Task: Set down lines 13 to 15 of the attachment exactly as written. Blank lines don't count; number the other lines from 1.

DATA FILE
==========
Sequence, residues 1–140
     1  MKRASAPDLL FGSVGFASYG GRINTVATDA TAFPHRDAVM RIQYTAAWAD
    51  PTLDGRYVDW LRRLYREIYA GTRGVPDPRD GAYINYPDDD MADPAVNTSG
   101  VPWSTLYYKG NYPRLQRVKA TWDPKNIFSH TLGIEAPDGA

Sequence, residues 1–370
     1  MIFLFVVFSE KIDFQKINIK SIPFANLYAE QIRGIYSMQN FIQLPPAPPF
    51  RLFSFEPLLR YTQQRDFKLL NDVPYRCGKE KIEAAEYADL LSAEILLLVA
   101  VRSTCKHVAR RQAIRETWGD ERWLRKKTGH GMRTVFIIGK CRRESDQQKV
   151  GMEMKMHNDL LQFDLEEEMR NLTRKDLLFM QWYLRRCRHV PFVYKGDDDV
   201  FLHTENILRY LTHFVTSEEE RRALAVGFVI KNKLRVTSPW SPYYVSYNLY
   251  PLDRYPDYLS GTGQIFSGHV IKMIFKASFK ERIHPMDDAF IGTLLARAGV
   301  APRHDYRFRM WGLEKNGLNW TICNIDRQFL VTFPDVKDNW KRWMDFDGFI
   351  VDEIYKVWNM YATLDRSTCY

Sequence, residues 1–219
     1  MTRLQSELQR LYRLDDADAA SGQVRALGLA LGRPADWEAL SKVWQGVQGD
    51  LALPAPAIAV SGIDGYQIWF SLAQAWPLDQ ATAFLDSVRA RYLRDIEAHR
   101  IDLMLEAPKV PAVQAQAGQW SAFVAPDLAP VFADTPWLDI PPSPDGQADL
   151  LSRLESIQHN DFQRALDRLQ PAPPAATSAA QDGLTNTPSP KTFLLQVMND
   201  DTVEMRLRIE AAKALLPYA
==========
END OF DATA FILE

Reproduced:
   351  VDEIYKVWNM YATLDRSTCY

Sequence, residues 1–219
     1  MTRLQSELQR LYRLDDADAA SGQVRALGLA LGRPADWEAL SKVWQGVQGD